Starring: Lillian Gish, Richard Barthelmess, Donald Crisp
Director: D. W. Griffith
Full of youthful idealism, a young Buddhist (Barthelmess) leaves China for London, hoping to convert people to his peaceful religion. But life in Limehouse, one of the poorer parts of the city, leaves him disillusioned and he starts to smoke opium. When he sees a young girl Lucy (Gish), abused by her boxer father, he tries to help her but with tragic circumstances. Both of them are fragile and sweet people, like flowers too precious to not get broken by life.
Director DW Griffith is one of cinemas partiarchs, with many people citing his big films like Intolerance as the reason why this is so. But while Broken Blossoms is smaller and more domestic in tone, it’s incredibly beautiful and moving.
First of all, this film has a very odd dichotomy about it that’s worth noting. Barthelmess and the other leads play Chinese characters, which is more than a little uncomfortable at times. The Chinese characters come across as strange, mysterious types who casually smoke opium. It’s more than a little racist and yet, for the time, it was kind of progressive. While many films were occupied with the Yellow Peril and Chinese men seducing white girls, this one shows how wrong that attitude is, and actually changed the source material to make the film a more open minded and tragic story. Here, the Chinese man sees the gentle, fragile girl and saves her from the father who beats her. So, that’s an interesting place to start talking about this film.
The first thing you’ll notice about this film is how beautiful it is. Lillian Gish was a huge star in her day, her fragile beauty and ability to emote are still powerful, even after all this time. In this era, film makers had all kinds of tricks to make their stars, especially the female stars, look luminous. The vaseline on the lens trick came from this era, but so did lighting tricks and hanging fine gauze in front of the lens. This makes Gish seem not only perfect, but angelic, other worldly, impossibly beautiful.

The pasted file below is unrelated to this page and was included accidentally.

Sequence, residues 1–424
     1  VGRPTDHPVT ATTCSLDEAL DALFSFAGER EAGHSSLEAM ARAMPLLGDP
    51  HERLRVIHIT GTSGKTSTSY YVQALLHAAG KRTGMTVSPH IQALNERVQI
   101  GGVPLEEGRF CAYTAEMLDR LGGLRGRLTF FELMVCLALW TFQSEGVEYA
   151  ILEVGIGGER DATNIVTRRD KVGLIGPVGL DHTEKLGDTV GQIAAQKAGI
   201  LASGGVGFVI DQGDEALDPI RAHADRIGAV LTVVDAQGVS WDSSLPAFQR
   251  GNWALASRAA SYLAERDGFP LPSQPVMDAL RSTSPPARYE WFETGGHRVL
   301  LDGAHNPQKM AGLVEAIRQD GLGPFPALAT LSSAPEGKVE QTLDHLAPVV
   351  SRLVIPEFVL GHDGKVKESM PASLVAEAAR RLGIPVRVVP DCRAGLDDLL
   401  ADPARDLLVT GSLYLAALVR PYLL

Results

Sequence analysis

And in fact, though the Chinese man ( his character is unnamed) gets plenty of screen time, it’s really Gish’s film. It’s easy to look back and think that the silent era was a time of melodrama and over acting. Or even of slapstick, overly physical stories. If you think that, watch the scene where Gish forces herself to smile to avoid a beating or the scene where she hides in a closet from her violent and enraged father. It’s a silent film, but you feel every blow of that ax and feel as though you can hear every scream.
The sets in this film are also remarkable. There’s such a sense of the exotic and the destitute, with cobbled streets of London and interiors that are laden with dusty oriental furniture, the small, ordinary poor kitchen hearth that Lucy sleeps by, to the opium dens and boxing rings. It’s all a bit dramatic, but very evocative of time and place. The film captures it’s images beautifully, with wide shots and intimate, beautifully lit tragic faces.
Even after 100 years, this film captivates and makes you feel something. It’s themes of xenophobia, disillusionment and a sense that the beautiful things in life, the lovers and the softer feelings, cannot survive in this harsh world are tragic and always relatable.
See It If: see this film for Lillian Gish’s beautifully captured face and that performance. It’s wonderful to see how far film has come in 100 years and how some stories will always feel relevant.